A shrine to a hometown hero
If there’s one thing the Mirandas know how to do these days, it’s command attention. A half-hour drive from San Juan, along the island’s northern coast, is Vega Alta, the hometown of the extended Miranda family, which has become a tourist destination for Lin-Manuel’s fans. In a sweet little plaza, or “placita,” on Luis Muñoz Rivera Street, the Mirandas have established a kind of homespun Lin-Manuel shrine. An outdoor cafe, some small food stands, a souvenir shop and a “Museo Miranda” (Miranda Museum) host visitors who sip smoothies while gazing at a giant mosaic portrait of Lin-Manuel, posed like a revolutionary hero. In the museum, several of his entertainment awards are displayed, along with other portraits.
“It grew out of being a New Yorker and living in small spaces,” Luis Miranda said with a laugh during a morning interview in the lobby of the Luis A. Ferré auditorium at the Centro de Bellas Artes in San Juan, as the “Hamilton” cast was rehearsing inside. “We had the space in Puerto Rico, so why not store it there, in a display way?”
Back in Vega Alta, while Luis’s brother Elvin and sister Yamila chatted up visitors and talked to vendors, a tour group 20 or so strong sat at tables in the museum, having lunch and peeking at the memorabilia. “I just adored his talent — I think he’s one unique dude,” said Roxene Pierce, a retired high school Spanish teacher from Iowa City who had bought a tour package that included stops in Vega Alta and at a Bacardi rum distillery, as well as a ticket to “Hamilton.”
Dave and Kathy Mullen, from Madison, Wis. — he’s a software architect and she advises seniors on how to downsize — drove out to Vega Alta on their own. They said their trip to Puerto Rico was occasioned both by a love of “Hamilton” and by a desire to put their tourist dollars to work in a destination that needed help. “It’s very difficult not to respond positively to Lin,” Dave Mullen said.
There was a sense time and again in talking to visitors — 90 percent of the tourists are from the mainland — that people have indeed responded to Lin-Manuel Miranda and his family in a deeply personal way.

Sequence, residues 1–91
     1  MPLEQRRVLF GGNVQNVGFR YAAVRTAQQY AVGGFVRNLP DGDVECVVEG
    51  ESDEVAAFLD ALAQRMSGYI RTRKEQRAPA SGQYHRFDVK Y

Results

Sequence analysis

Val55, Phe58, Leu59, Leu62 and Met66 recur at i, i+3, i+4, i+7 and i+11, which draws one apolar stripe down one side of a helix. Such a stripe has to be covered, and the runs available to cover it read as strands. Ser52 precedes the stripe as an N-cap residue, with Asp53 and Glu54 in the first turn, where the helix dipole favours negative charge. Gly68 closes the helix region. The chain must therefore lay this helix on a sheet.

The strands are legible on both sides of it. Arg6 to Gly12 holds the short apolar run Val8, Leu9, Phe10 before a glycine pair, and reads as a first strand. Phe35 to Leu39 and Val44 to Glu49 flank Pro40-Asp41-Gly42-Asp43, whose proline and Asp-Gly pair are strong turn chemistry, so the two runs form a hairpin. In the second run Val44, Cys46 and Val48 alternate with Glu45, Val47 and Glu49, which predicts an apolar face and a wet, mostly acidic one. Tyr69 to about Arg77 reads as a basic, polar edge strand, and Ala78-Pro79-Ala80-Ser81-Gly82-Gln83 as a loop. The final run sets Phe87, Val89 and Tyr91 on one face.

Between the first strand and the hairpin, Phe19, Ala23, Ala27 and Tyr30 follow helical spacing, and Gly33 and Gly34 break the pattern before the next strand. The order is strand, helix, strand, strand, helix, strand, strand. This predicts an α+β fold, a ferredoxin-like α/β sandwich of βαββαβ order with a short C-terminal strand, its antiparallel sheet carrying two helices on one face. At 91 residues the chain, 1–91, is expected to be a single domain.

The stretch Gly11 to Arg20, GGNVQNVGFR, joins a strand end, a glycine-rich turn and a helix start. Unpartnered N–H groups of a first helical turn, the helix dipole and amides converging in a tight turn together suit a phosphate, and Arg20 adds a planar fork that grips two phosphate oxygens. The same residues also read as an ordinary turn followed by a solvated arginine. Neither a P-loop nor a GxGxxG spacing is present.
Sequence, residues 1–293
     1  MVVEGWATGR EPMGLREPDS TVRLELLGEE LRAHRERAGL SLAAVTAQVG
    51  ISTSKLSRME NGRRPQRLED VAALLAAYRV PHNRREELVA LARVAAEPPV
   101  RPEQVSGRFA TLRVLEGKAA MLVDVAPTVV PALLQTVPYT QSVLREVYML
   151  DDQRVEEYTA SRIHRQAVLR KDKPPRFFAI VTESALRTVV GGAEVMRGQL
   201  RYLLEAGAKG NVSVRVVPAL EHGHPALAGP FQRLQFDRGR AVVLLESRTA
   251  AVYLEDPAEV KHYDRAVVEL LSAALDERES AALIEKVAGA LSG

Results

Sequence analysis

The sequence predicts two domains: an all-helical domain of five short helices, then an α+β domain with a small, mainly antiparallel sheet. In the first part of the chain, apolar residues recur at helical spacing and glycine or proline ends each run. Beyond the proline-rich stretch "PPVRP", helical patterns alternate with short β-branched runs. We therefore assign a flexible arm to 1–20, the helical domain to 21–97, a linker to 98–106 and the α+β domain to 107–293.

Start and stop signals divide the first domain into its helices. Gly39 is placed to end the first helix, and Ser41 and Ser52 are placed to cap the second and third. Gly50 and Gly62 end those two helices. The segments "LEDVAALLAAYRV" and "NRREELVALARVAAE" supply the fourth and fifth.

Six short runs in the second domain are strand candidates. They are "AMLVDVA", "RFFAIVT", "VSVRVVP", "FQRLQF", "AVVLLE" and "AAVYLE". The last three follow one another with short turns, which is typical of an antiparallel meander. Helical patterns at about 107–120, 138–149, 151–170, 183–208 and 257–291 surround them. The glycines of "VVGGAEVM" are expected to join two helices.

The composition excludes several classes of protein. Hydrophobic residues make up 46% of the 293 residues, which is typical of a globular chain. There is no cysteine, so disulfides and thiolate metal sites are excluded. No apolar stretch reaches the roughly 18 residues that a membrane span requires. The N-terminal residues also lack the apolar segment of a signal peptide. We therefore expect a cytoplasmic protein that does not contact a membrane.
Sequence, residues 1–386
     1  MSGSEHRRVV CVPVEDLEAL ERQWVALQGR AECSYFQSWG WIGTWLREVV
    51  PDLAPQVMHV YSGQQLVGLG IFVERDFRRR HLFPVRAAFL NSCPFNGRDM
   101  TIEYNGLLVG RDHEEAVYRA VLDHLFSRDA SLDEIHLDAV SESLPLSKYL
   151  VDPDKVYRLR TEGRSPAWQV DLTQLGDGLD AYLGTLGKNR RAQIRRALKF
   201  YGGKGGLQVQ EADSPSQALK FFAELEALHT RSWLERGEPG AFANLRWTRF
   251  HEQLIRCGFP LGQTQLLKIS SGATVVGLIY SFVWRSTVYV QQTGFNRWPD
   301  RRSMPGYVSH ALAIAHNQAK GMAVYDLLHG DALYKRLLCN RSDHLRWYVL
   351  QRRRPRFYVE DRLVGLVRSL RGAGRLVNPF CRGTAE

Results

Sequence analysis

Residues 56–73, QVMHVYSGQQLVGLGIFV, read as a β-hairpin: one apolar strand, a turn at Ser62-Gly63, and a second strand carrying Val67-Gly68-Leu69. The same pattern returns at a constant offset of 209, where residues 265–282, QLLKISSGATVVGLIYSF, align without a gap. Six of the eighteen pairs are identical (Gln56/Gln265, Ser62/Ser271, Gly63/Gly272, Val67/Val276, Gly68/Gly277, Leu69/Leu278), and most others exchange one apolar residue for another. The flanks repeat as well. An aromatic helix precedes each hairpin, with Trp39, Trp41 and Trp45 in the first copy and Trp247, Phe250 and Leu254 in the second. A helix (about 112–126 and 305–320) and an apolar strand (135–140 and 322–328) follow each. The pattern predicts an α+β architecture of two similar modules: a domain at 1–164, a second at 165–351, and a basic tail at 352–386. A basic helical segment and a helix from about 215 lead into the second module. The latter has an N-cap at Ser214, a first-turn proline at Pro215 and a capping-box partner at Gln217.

“I had plans to come to Puerto Rico,” Pierce explained, “because [the Mirandas] asked us to come to Puerto Rico.”
The power of art
It’s hard to calculate the extent of Lin-Manuel Miranda’s fame: Puerto Ricans say that even here, his renown, as yet, is concentrated in cosmopolitan circles, rather than across the spectrum of island society. Still, with television appearances and his role in the new Disney movie “Mary Poppins Returns,” his visibility continues to rise, and his intention seems to be to harness that popular appeal for key causes, such as his foray into cultural diplomacy and humanitarian aid.
At the packed news conference Friday night, Puerto Rican reporters posed the kind of questions asked of political candidates: What did he think about the debt problem? What about crime? How did he feel about the Trump administration’s threat to take money away from Puerto Rican disaster aid to pay for a border wall? Miranda, still reeling from the emotions of performing — during a number called “Hurricane,” he said, he’d had trouble maintaining his composure — seemed a bit overwhelmed by it all.
“Lin has always been extremely cautious about choosing his political causes,” said Oskar Eustis, artistic director of the Public Theater in New York, where “Hamilton” had its world premiere in February 2015. “He has taken Puerto Rico’s safety, health and social policy as a central political policy of his own.” According to Eustis, Lin-Manuel and his politically astute father “believe it’s a cause that has no downside.”
Like other figures central to “Hamilton’s” development — from lead producer Jeffrey Seller to Ron Chernow, on whose Hamilton biography Miranda based the musical, to actors Leslie Odom Jr., Anthony Ramos and Jasmine Cephas Jones from the original cast — Eustis came to San Juan to witness this historic musical-theater moment. Questlove and Shonda Rhimes were there, too, on Friday night; Oprah Winfrey will soon be on her way; Jimmy Fallon will broadcast from San Juan this week; and a congressional delegation with House Speaker Nancy Pelosi (D-Calif.) is said to be arriving, too.
The power of Lin-Manuel Miranda and “Hamilton” to arouse curiosity and compel attention, four years after the show came into being, seems a phenomenon unparalleled in the annals of Broadway.
“If you can marry politics, government need and the arts, ‘Hamilton’ is the perfect scenario for that to happen,” said Prats, who is planning a run for governor in 2020. A die-hard “Hamilton” fan, Prats sees much to savor, and learn from, in the story of a Caribbean-born immigrant who helped lead colonies to financial independence.
“I’m going to quote a line from the show,” he said. “ ‘Raise a glass to the four of us; tomorrow there’ll be more of us.’ We raise a glass to Lin-Manuel and hope that tomorrow, there’ll be more of him.”